Lateral stability is more complicated than you might expect for free roofs. By Paul Davis

Over many years I have investigated damaged structures – something around 2000 of them. I’ve seen all sorts of damage – ranging from the dramatic to the mundane: the devastation caused from massive chemical explosions, bus impacts, collapsed retaining walls, category 5 cyclones, earthquakes, foundation movement, roof collapses, tree impacts, right through to leaking taps. The structures involved have been houses (lots of), commercial buildings, industrial buildings, retaining walls, roads, dams, brothels, bars, boats, and bridges.

Every job is different, but after a while you begin to see patterns. So, for goodness’ sake people, make sure your showers are waterproof, that you don’t leave heaters on when you depart the house, and that you are concentrating when reversing your car!

One minor pattern that I have picked up on is lateral movements (failures) or open walled structures – or what in an engineering sense you would call free roofs. These structures can, for instance, be entry roofs, alfresco roofs, carports or free-standing roofs such as picnic shelters, gazebos and cabanas.

So, this is in fact the third in a series of Truss Talks about free roofs. The first article was about wind pressures for free roof trusses. The second article was about fixings and tie downs. This article is again about something that is relevant for a normal building – wall bracing. But with a free roof on some sort of posts the solutions are now radically different.

Let’s imagine a not-so-standard engineering problem; an elephant standing on a toothpick that is miraculously strong enough to hold the beast’s weight.

The toothpick will still ‘fail’ because it will rotate at its base and the elephant will slide sideways. This thought experiment teaches us three things: firstly, elephants shouldn’t stand on toothpicks; secondly, no matter how strong the elephant, the toothpick will still rotate and; thirdly, no matter how strong the toothpick, the elephant will inevitably slide sideways.

Let’s now imagine a free-standing carport sitting on timber or steel posts with simple bolted connections top and bottom. Similar principles apply; no matter how strong the roof, the posts will still rotate and no matter how strong the post the roof will still slide sideways. And this is exactly the sort of construction problem pattern that I have picked up on when looking at all those damaged structures.

The same potential mode of failure can happen with a house – the roof slides sideways, and that is why we design and provide bracing walls. A bracing wall provides stability in its long direction because it is fixed to the slab or timber floor. So, what we need for the elephant is a really long toothpick that is embedded in the ground and what we need for the free roof is a post that is fixed against rotation about its top or at its base.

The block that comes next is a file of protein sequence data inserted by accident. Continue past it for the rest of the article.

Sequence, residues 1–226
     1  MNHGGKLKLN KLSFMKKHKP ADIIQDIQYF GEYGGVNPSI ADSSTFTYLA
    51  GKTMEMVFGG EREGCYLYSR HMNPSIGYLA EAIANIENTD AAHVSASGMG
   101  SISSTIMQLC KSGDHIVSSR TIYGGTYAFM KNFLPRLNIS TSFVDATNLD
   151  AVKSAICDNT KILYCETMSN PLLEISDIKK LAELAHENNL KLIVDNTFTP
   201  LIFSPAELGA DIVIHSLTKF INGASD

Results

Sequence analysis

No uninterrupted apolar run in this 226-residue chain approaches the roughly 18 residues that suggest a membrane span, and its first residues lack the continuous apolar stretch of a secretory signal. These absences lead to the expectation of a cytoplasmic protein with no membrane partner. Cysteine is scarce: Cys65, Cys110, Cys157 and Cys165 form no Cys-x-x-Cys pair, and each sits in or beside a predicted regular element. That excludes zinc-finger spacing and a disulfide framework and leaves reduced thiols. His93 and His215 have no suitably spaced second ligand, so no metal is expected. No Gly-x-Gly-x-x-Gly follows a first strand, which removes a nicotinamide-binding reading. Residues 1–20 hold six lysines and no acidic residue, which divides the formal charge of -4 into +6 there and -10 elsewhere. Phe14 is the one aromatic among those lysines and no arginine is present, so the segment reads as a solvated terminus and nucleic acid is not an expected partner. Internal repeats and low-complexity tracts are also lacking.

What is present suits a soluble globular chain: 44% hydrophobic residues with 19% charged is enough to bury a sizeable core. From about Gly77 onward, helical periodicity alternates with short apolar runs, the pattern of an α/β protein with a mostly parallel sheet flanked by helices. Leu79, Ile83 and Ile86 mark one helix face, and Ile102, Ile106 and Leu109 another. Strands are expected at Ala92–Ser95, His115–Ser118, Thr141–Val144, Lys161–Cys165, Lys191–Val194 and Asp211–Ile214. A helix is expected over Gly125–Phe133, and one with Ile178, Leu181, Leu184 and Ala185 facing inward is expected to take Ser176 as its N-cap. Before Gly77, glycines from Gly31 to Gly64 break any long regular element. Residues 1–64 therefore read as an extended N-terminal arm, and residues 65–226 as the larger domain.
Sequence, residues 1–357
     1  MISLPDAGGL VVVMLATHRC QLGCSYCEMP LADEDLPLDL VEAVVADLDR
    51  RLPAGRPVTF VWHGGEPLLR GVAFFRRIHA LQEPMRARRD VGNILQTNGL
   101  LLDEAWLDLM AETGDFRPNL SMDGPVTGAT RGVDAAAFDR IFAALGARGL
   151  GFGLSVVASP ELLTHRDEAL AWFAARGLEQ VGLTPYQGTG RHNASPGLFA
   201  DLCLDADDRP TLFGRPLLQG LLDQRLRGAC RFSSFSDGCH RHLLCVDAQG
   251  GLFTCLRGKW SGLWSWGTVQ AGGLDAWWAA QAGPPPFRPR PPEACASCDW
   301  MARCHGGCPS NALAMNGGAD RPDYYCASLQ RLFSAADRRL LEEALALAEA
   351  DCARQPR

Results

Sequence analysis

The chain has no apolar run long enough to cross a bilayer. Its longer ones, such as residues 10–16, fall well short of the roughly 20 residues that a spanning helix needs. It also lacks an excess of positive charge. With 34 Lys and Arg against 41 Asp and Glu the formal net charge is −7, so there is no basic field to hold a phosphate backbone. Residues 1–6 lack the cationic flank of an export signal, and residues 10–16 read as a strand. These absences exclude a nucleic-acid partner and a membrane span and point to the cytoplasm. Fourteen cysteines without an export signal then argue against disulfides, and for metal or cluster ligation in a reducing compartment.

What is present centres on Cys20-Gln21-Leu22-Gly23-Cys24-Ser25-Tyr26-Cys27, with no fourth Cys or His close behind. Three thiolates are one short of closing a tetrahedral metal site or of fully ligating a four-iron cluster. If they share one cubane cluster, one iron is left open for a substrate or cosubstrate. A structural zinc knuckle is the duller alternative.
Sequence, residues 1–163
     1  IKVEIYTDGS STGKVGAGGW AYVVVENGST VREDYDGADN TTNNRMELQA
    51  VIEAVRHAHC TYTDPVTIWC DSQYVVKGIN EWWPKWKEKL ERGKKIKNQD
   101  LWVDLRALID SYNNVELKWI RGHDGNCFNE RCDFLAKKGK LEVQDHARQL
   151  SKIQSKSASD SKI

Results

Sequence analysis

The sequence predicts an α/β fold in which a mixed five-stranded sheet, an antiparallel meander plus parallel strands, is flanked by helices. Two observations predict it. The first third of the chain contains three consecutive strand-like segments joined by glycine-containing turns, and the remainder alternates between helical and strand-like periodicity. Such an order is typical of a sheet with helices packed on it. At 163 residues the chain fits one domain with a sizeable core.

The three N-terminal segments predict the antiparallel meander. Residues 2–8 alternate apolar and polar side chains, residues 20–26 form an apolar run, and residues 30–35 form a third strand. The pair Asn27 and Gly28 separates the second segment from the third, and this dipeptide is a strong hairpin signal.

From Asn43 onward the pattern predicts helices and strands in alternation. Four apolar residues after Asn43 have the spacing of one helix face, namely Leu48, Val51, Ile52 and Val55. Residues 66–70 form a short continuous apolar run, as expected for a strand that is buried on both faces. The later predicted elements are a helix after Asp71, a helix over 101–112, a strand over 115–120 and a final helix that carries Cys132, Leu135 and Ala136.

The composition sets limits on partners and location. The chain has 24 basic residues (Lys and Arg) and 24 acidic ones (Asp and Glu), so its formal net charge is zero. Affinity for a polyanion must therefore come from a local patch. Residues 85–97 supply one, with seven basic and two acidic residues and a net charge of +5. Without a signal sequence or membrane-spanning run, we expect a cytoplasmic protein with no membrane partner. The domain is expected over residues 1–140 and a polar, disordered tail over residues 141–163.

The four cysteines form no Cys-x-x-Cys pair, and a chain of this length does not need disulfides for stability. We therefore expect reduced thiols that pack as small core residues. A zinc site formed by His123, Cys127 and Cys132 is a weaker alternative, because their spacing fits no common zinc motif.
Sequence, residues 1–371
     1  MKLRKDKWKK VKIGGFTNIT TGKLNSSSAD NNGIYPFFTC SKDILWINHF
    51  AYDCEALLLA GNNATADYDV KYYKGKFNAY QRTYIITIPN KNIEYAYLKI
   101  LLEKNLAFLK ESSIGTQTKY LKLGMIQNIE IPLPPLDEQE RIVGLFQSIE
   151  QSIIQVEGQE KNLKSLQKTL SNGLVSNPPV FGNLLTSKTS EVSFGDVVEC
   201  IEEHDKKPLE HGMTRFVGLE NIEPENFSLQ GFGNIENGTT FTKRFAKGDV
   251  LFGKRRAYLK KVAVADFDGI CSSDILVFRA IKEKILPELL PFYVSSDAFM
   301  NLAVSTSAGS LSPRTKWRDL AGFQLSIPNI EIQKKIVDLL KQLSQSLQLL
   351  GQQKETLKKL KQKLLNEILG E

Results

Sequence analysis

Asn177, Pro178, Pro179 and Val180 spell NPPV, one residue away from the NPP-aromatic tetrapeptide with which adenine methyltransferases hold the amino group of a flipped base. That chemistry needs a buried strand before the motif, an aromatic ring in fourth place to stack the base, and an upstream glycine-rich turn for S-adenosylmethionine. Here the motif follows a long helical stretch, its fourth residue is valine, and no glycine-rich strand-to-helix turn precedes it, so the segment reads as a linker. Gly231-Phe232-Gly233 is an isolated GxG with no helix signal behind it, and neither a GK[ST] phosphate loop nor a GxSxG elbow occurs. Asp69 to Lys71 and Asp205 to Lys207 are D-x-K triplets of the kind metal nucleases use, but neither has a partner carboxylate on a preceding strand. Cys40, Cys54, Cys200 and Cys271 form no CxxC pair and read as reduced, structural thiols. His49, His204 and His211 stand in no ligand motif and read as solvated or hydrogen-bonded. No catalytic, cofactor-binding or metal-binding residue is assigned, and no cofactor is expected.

Your standard steel post base or a standard steel 8mm base plate with two bolts doesn’t provide this fixity. That 90×90 post (or whatever is used) is in effect a very long lever and it will just bend the post base– easy-as. We need to get more serious – either use a heavy engineered post base or cast the post into the footing.

The other option is a portal frame of some sort and that may well be the subject of next month’s Truss Talk.

Even a brick pier doesn’t give that lateral stability. The weight helps a bit but, again, the lateral wind load from the roof structure is applied with such large leverage that it easily rotates each pier about their base. Those brick piers need to be reinforced with starter bars running out of the footings into a reinforced concrete grout core if it is to be stable. Last month’s article had a photo of my carport and that is exactly how that was built.

If your free roof projects out of a building (say an alfresco) then it gets some lateral stability via the house walls. But with the projection beyond a certain point, it’s possible that the outer edge can slew sideways and in effect it twists the projecting roof off the house.

So, if you are responsible for the design of wall bracing for a structure then you really should consider lateral stability for any free roof portion. More often than not these challenges are not solvable using the standard methodologies in AS1684 and your software. So, we get to a position of needing a bespoke engineering design. And that gets us to the point that this all should be considered early on when you quote a job – who is going to own and solve the problem of lateral stability of the free roof? And, more particularly, who is going to pay for that solution!

Paul Davis is an independent structural engineer managing his own consulting firm Project X Solutions Pty Ltd. The views in this column are Paul’s and do not reflect the opinions of TimberTrader News. Phone: 02 4576 1555, Email: